Musings from Chennai
The Month that was
September – October 2011
by Vaishnavi Ramanathan
After 17 years, Chennai hosted the National Exhibition organised by Lalit Kala Akademi. The 53rd National Exhibition was inaugurated on 27th August by the Governor of Tamil Nadu in the presence of K R Subbanna, Vice Chairman, Dr. Sudhakar Sharma, Secretary and other officials of the Lalit Kala Akademi. This year's exhibition received a record number of 7723 exhibits from 3048 artists. A new trend this year has been the increased participation of artists from regions such as the North East where participation was previously low. From these entries over hundred works were selected for the exhibition and ten of them were selected for the award. Gayatri Apte's award winning ceramic Porcupine was an evocative work where the surface was handled with great sensitivity, thus bringing out the prickly nature of the porcupine while also highlighting the vulnerability of the animal. Niraj Ahirwar's sculpture consisted of organic forms where the play was on texture and colour of the stone. S.K.Srinivasan's metal sculpture Celestial Landscape captured the awe inspiring quality of the universe and the childlike wonder of gazing at the nightsky. The other award winners were Arvind V. Patel, Jyotika Sehgal, Mohan Dattatraya Shingne, Prasanta Kalita, Rajesh Prasad Srivastava, Shitanshu G. Maurya and Vibhuti Sharma. However, despite the increased participation, this year's exhibition ended up being a let down-many of the works were unremarkable and were also not the best works of the artists. While quite a few of the works had ambitious titles and themes, there was a lack of sincerity in engaging with the themes, making many of the works heavy and pretentious. The only thing that prevented the viewer from going back totally disappointed was the promise seen in artists such as Mohan Kumar.T, S.K.Sahni, Hement Rao, Puran Prajapati etc. Apart from these, the works of print makers such as Soniya, B.Kanakasabamani, Naini Arora, Vinita Kumari, Gurmeet Singh Marwa and Jagdeswara Rao are also something to be watched out for in the future.
This month was special for art lovers in Chennai because Cholamandal Artists' Village along with Lalit Kala Akademi published Art Trends, the collected volume of the quarterly magazine Art Trends that was published from Chennai/Madras. The book was released on 2nd September by Jennifer A.McIntyre (Consul General of the United States of America). Art Trends, one of the first art magazines of India, was published between 1961 and 1967 and later between 1971 and 1982. The magazine was brought out by the Progressive Painters' Association of Chennai with Prof. Joseph James, the chronicler of the Madras Art Movement also playing an important role. Speaking at the time of the book launch, artist V.Vishwanathan spoke of the context in which the art magazine; as a medium to engage with art and art history in the absence of classes for the latter. Apart from writers such as Joseph James, Ghulam Sheikh, Keshav Malik, Gita Kapur etc, artists especially K.C.S.Paniker, who also wrote under the pseudonym Sunanda, contributed articles. Therefore a wide range of topics ranging from techniques of bronze casting, contemporary approaches to colour and trends in art education to discussions on identity and tradition and the development of the art market have been covered. With poems by/relating to artists, letters and passionate arguments and discussions on art, the tone of the magazine is often intensely personal. What is also unique about this book/magazine is the relatively flexible layout where images of art works and quotes by artists are placed at unexpected intervals presenting the reader with surprising insights and inspirations. Especially, at a time prior to the information revolution where images and discussions on art were relatively scarce, the visual and theoretical impact that such a magazine would have had cannot be overestimated. So unlike most other magazines where the documentation comes after the event, one might say that the Art Trends magazine itself inspired and predicted the direction of the Madras art scene. Another interesting thing about the magazine/book is the way it mirrors K.C.S.Paniker's ideology of having an art that is 'Indian in spirit yet worldwide contemporary'. While the thrust is on artists in Madras and in the rest of the country, the magazine was extraordinarily up-to- date in carrying reviews and discussions of art trends abroad. So, Art Trends not only helps understand the Madras Art Movement better but also paints a vivid picture of the cultural climate of that time. Furthermore, like masterpieces in art, that continue to be alive and open to interpretation even after centuries, the writings in the magazine continue to hold relevance even today. This is evident in passages such as the following-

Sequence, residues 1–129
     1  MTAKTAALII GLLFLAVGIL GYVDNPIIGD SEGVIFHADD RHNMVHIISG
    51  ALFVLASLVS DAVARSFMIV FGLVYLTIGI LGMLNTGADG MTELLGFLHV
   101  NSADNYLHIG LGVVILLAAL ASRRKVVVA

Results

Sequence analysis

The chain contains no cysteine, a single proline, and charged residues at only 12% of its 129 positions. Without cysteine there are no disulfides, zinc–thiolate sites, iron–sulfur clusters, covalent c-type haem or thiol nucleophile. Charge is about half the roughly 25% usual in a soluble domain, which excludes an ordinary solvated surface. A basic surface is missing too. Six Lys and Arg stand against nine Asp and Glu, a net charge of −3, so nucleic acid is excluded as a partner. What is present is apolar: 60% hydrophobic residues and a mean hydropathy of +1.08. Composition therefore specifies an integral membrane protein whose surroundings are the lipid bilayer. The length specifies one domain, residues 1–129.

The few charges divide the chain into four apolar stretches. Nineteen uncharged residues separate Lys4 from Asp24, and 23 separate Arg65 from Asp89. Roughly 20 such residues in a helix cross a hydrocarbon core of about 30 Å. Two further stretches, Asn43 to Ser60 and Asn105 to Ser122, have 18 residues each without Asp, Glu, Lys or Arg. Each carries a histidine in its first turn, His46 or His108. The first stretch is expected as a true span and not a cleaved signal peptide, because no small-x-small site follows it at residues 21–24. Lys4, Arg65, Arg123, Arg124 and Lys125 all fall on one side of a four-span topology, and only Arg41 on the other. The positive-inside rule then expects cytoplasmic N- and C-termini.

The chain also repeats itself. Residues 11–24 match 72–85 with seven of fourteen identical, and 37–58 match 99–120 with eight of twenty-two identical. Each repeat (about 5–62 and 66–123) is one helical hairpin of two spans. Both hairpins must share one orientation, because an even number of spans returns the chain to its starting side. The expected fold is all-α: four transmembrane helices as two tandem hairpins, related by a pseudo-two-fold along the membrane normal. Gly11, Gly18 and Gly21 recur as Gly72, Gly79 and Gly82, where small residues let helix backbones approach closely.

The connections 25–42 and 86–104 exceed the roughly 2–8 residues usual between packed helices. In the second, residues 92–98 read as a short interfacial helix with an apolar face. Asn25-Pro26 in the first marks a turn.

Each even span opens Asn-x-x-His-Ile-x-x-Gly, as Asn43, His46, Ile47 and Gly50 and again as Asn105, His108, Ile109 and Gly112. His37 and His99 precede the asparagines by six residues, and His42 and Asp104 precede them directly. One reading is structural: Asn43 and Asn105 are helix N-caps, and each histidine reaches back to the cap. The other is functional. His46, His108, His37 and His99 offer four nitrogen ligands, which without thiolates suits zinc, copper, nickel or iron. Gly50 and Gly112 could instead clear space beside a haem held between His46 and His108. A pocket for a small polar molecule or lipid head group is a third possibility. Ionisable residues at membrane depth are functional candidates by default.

“One of the maladies that has dogged the steps of the contemporary artist is his apparent need to keep himself in the lime-light without a break for survival. He has to please continually, all through his life, inorder to sell and live. Truly, an artificial situation considering human limitations, - it does not seem to allow for the perfectly normal slack periods of creativity in man.… Cezanne, it is recorded, withdrew from public exhibition of his work for a period of seventeen years while he was at the height of his powers….. The spiritual significance of such self-imposed and periodic withdrawal from public exhibitions of one's work by a potentially creative painter does not appear to be very much understood. It can possibly give the artist clarity of mind and vision and help him to find himself, - to arrive.”
- Art Trends, Vol V, No 2 and 3, Jan-April 1966